The Avrocar Story - By Bill Zuk


The Avro Canada VZ-9AV "Avrocar" designed by company Chief Designer John Frost was a true flying saucer that was produced for the U.S.A.F. and U.S. Army in the period1958-1959. In earlier research, Frost had discovered the "Coanda Effect" provided a powerful ground cushion envisioned as being the basis for a vehicle that could have both have VTOL (vertical take-off and landing) capabilities and could still operate as a high-performance aircraft. Avro Canada and the Canadian government provided the initial funding for Frost's work 1952- 1953. He combined all of his innovative technology into a disc shape which had been chosen as the most efficient aerodynamic shape and to simplify structural requirements for a circular hovering platform.

Frost continued to lobby for the project now called the Project Y-2 and achieved a remarkable breakthrough by demonstrating the project to the United States Air Force in 1954.With funding from the both the U.S.A.F. and later the U.S. Army, Frost proceeded with his design. From 1955 to1959, the design team concentrated on the new VZ-9AV "Avrocar" as a "proof of concept" vehicle for a concurrent supersonic fighter development program first known as Project 1794 and later Weapon System 606A. An Avro- funded project of similar capability known as the P.V.704 was also initiated in 1957 as a means to speed up development of the supersonic programs.

As a part of the USAF Weapons Systems 606A project which was the final derivative of a series of USAF-funded VTOL projects, the Avrocar acted as a proof-of-concept vehicle. To satisfy the later sponsoring body, the U.S. Army, in its requirements for a "Flying Jeep", the VZ-9AV acted a prototype for an upcoming series of vehicles known as "Avromobiles".

The VZ-9AV Avrocar research vehicle used three Continental J-69's1025 lbs, thrust (licence-built Turbomeca Marboré) turbojets, turning a central impeller ("turbo rotor") to keep it airborne with downward thrust, with a vane/shutter system to propel the craft in any direction by venting thrust in the direction the pilot desired. A pilot and observer sat in separate cockpits on either side of the disc, facing forward. The total diameter of the Avrocar was 6.2 m., with wheels and later tricycle landing pads for an undercarriage.

After completing a wooden mock-up in 1957-58, two Avrocar prototypes were constructed, the first, S/N #58-7055 in FY 1958 and the second, S/N #59-4975 in FY1959. The first prototype completed a series of wind tunnel tests at NASA Ames in California and the second vehicle undertook a test flying program based at the Malton, Ontario home of Avro Canada. Between June 9 and October 7,1959, the first vehicle underwent a thirty-two-hour static rig test at Avro in Malton, Ontario. This prototype was then sent to the NASA Ames wind tunnel for full-scale wind tunnel tests commencing in April 1960. A second round of wind tunnel testing commenced in April 1961. Rare film footage exists of the Avrocar project which includes design and construction of both aircraft, wind tunnel tests, and many of the tethered and free flight tests. The first free-flight test, conducted on the second vehicle, occurred on November 12, 1959 with company test pilot "Spud" Potocki at the helm, with additional tests made in January 1960 and in the period July 1960- June 1961 for a total of approximately 75 hours. The final flight test program was completed by USAF Project pilot, Major Walter J. Hodgson; additional flights had been made in March 1960 by NASA Ames test pilot, Fred J. Drinkwater III.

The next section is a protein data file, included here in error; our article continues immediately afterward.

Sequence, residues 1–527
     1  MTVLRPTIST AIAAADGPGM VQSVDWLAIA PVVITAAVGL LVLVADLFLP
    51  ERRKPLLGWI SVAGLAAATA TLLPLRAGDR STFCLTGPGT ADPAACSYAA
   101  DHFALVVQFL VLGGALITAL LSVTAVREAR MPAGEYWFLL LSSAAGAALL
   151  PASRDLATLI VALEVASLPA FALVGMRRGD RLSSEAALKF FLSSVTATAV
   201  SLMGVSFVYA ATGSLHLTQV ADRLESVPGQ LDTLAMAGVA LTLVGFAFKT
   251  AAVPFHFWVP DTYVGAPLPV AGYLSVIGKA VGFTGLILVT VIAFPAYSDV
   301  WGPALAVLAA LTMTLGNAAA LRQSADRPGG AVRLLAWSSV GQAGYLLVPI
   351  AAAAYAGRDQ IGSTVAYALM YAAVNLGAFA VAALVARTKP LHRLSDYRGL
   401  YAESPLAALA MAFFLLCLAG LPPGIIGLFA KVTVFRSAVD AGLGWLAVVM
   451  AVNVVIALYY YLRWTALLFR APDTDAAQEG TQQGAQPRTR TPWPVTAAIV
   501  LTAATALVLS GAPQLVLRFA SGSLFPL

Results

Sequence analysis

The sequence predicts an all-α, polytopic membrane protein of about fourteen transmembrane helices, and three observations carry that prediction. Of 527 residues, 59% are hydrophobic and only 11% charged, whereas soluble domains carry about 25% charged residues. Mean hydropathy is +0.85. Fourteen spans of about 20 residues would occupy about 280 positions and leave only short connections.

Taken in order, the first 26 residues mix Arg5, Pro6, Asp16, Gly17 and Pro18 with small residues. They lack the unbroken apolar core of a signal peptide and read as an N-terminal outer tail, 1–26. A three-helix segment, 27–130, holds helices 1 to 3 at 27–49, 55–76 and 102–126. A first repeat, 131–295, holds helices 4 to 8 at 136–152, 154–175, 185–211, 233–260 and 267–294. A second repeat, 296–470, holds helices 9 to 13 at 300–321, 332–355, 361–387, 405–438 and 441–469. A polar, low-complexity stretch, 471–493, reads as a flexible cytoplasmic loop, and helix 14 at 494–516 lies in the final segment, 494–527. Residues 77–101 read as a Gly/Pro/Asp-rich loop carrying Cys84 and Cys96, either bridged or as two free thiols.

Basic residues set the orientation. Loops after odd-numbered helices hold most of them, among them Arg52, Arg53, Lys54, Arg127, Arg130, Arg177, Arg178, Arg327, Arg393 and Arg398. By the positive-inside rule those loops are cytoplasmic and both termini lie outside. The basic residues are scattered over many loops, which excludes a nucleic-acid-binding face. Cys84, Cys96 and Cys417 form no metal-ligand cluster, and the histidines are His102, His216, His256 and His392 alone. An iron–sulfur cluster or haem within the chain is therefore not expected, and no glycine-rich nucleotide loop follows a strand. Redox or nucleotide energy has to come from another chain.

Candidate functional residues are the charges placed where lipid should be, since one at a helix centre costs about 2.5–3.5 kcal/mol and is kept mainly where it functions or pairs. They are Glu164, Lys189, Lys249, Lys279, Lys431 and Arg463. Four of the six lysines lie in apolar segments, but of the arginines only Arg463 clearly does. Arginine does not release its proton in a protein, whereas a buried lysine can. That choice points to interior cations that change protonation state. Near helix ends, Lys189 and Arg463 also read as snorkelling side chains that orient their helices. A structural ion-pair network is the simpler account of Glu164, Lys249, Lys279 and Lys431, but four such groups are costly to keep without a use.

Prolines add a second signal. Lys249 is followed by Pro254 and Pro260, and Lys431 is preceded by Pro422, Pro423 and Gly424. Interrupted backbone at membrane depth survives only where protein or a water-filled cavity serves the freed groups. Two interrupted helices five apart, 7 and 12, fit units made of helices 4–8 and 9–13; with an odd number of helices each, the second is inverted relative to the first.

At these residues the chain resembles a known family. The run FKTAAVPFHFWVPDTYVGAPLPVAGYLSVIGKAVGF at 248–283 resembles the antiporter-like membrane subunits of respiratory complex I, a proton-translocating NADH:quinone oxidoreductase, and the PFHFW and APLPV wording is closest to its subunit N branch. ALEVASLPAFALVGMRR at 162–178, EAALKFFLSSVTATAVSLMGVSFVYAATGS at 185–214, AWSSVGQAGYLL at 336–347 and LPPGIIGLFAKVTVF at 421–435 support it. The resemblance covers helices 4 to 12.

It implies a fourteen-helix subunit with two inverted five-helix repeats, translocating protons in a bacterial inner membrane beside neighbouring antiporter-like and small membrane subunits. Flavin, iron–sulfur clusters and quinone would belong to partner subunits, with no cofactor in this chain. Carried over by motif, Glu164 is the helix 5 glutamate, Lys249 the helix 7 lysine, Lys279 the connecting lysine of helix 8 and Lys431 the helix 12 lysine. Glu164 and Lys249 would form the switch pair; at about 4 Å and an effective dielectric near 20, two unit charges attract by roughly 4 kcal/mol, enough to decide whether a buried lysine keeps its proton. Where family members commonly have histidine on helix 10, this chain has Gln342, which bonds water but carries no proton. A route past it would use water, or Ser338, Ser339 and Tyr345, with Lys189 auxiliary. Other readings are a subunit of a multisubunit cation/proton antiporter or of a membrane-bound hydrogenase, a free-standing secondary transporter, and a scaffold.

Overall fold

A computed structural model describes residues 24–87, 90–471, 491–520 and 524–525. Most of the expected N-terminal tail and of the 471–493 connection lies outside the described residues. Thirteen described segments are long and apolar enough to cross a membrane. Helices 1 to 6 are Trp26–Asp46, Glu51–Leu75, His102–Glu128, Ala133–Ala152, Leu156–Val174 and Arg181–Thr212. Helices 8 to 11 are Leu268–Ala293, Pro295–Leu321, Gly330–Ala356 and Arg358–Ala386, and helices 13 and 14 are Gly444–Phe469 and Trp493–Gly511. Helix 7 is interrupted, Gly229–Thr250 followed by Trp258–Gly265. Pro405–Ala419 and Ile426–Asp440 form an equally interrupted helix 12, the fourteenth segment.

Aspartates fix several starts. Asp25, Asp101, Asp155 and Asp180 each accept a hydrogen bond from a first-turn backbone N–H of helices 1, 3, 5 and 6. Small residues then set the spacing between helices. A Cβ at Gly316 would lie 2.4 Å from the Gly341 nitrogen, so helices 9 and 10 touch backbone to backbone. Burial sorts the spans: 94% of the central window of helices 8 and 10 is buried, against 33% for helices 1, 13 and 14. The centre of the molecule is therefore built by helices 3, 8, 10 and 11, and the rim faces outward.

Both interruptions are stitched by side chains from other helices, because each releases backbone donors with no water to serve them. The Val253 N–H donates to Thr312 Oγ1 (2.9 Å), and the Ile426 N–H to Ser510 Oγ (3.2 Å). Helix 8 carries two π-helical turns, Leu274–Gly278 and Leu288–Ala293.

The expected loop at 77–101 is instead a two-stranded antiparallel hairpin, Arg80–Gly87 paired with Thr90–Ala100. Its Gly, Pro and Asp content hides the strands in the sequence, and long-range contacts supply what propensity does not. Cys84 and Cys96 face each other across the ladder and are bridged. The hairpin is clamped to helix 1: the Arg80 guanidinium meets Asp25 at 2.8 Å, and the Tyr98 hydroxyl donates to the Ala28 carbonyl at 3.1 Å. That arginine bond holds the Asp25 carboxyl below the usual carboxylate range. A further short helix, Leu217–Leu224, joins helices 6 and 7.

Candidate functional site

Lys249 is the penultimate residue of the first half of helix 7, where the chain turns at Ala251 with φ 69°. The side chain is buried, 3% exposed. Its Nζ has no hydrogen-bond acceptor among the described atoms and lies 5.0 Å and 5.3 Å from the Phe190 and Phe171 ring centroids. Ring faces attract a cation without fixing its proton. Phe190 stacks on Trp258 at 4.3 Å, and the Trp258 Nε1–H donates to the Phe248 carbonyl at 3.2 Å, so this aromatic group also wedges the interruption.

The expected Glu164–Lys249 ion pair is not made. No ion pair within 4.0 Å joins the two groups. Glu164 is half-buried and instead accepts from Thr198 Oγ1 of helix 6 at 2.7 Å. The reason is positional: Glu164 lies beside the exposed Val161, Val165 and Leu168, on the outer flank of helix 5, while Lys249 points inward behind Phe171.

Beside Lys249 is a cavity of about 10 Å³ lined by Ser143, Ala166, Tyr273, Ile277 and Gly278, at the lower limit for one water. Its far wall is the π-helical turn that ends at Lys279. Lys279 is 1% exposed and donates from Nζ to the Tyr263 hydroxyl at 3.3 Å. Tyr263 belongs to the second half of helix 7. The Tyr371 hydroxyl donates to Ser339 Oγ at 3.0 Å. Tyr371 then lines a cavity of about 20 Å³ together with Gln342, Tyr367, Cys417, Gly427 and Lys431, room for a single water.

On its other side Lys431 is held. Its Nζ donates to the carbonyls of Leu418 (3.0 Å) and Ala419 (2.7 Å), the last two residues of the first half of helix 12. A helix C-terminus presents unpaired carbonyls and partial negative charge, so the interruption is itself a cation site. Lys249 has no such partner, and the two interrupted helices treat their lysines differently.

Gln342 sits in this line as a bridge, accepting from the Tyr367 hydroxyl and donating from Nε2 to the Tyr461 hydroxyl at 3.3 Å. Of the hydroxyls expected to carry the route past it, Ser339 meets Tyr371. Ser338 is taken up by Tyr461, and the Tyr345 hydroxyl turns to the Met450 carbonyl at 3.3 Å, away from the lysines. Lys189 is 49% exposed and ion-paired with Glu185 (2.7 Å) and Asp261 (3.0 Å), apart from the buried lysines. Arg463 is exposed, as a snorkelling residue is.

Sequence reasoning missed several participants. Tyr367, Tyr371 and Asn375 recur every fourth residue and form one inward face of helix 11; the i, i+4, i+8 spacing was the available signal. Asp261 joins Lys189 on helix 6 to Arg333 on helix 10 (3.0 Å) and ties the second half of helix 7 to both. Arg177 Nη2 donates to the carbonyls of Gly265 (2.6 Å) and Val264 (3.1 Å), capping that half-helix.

The results of the testing revealed a stability problem and degraded performance due to turbo-rotor tolerances. Before modifications could be achieved, funding ran out with the final flight test program completed in March 1961. With the problems that the contractor was facing in the wake of the cancellation of its premier fighter program, the Avro CF-105 Arrow by the Canadian government, Avro Canada was unable to continue the project on its own. In late 1960, Avro had redesigned the VZ-9AV Avrocar with a pair of J-85 turbojets, a larger turborotor of improved performance and a wing/tailet configuration married to the central disc platform. Although this proposal may have solved the Avrocar's deficiencies in stabilization and performance, the U.S. military felt that the aircraft even in a revamped form did not merit continued development. In December 1961, the Avrocar and related VTOL programs were officially completed as the U.S. military rejected new company redesigns and halted any further research efforts. The Avrocar had been the last aviation program of Avro Canada.

The parent company, A. V. Roe Canada, which had been in throes of disintegration for years ceased to exist on April 30, 1962 .

Both Avrocars are still intact, and survive in U.S. museums. The U.S. Army Transportation Museum at Fort Eustis, Virginia received the second Avrocar, the "flying" prototype, #59-4975 from the U.S. Army Aviation Materials Laboratories at Fort Eustis, Virginia in 1979. It is presently on pylon display at an entranceway to the museum.

The first Avrocar, S/N #58-7055, the unmanned test rig and wind tunnel test vehicle marked as AV-7055 was never flown. It was shipped to the NASA Ames Research Center wind tunnel at Moffett Field, California in 1960. After wind tunnel testing, it remained for years in storage at the NASA facility before being donated to the National Air and Space Museum in 1966. AV-7055 is stored in Building 22 of the NASM Paul E. Garber storage and restoration Facility, in Silver Hills (Suitland), Maryland.

Today, the unrestored Avrocars or "flying saucers" as they are referred to at both the NASM and U.S. Army Transportation Museum are mainly neglected and relegated to objects of historical curiosity or oddity.

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